Legalize polygamy? [Most commented]
Could polygamy become legalized in the United States? Not anytime soon, the editorial board wrote Sunday. George Washington University law professor Jonathan Turley’s challenge to Utah’s anti-polygamy laws does not seek to legalize polygamy, but simply to decriminalize it. His clients, Kodi Brown, his legal wife Meri Brown and three other “sister wives,” fear prosecution for their lifestyle. Turley cites the 2003 Lawrence vs. Texas case, in which the Supreme Court decided that homosexual practices between consenting adults cannot be regulated.
[Justice Anthony M.] Kennedy emphasized in Lawrence that same-sex marriage wasn't before the court. Similarly, in an interview with the New York Times, Turley suggested that decriminalizing polygamy will not inevitably lead to a movement for polygamous marriage. But language addressed to one issue often surfaces in cases dealing with others. When Massachusetts' highest court decided to strike down the state's limitation of marriage to heterosexual couples, it cited the Lawrence opinion.
But, like Lawrence, a ruling sympathetic to unconventional sexual behavior could plant the seeds of a future campaign for full marriage equality. In that case, governments would have to prove that it's rational to limit marriage to two individuals, homosexual or heterosexual. That might seem obvious, but so, at one time, did the argument that marriage should be confined to opposite-sex couples.
The editorial sparked an intense debate between readers on the discussion board about the difference -- is there one? -- between justifying polygamy and same-sex marriage.
Consenting adults should have free will
As a gay man I support gay marriage; no shocker there. But when I thought about my rights and the arguments against them I had to make sure I was not being a hypocrite.
The main arguments against gay rights usually boil down to biblically dubious passages used to support a knee jerk disgust reaction to the thought of homosexuality. To me any person has the right to be revolted by what they like, but not the right to regulate others lives.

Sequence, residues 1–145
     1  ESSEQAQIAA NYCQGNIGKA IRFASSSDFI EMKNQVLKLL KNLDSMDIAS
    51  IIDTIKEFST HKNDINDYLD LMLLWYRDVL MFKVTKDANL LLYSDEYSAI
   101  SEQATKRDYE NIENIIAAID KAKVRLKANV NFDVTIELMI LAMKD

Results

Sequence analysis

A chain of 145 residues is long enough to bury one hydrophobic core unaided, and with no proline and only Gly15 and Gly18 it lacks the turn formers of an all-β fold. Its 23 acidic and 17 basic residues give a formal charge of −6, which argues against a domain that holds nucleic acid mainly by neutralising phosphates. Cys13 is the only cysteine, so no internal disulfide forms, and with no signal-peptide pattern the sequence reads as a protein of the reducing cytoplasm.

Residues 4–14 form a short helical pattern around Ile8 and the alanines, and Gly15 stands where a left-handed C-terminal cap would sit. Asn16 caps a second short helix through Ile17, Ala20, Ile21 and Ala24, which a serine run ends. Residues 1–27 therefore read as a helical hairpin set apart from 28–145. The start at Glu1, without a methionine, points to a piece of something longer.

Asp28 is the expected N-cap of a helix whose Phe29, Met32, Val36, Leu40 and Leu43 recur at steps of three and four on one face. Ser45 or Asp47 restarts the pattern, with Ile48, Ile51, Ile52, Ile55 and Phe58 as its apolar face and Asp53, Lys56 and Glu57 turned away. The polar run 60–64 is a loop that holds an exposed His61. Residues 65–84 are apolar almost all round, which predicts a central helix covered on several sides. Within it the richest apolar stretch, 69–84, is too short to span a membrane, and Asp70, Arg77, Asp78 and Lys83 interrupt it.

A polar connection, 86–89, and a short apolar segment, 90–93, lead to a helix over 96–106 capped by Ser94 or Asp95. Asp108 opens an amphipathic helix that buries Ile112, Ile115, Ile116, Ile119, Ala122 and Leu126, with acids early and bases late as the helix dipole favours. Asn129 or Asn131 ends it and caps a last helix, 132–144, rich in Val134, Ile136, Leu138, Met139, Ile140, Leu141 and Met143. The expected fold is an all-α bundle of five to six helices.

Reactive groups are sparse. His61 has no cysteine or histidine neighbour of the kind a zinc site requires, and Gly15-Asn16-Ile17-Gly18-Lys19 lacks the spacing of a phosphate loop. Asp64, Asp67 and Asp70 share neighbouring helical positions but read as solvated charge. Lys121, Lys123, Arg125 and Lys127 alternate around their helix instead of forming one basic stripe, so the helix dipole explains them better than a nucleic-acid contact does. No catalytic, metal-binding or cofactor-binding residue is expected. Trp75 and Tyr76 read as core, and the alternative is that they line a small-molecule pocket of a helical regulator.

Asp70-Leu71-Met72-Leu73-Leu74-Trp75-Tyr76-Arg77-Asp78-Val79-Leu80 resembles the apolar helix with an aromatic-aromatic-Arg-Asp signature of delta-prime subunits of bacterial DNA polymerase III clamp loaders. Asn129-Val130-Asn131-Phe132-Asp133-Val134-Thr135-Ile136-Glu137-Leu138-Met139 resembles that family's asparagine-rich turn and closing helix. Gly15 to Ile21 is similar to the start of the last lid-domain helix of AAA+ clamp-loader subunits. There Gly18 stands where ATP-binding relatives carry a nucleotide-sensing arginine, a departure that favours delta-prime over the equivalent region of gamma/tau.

Apply this to polygamy, incest, and bestiality. What gives anyone the right to regulate the behavior of consenting adults, no matter how icky? And as for the rights of animals, is sex/rape really more of an intrusion than slaughter, butcher, and consumption?
I don't pretend these practices don't offend most of our (and my own) sensibilities, but as long as consenting adults freely choose them, who are we to say no?
The legal and moral dilemmas
If you support the current federal challenge to California's Proposition 8, this case does present you with certain legal and moral dilemmas: By what reading of the U.S. Constitution can you say that same-sex marriage is guaranteed as a right but not THIS kind of marriage?
Polygamy creates social imbalance
The problem with polygamy is that it takes, in this case, a lot of women out of the picture.
Remember the story of that Utah town where the unwanted boys were cast out of the town and were banished to a bunch of trailers?
Opposition from the gay community is ironic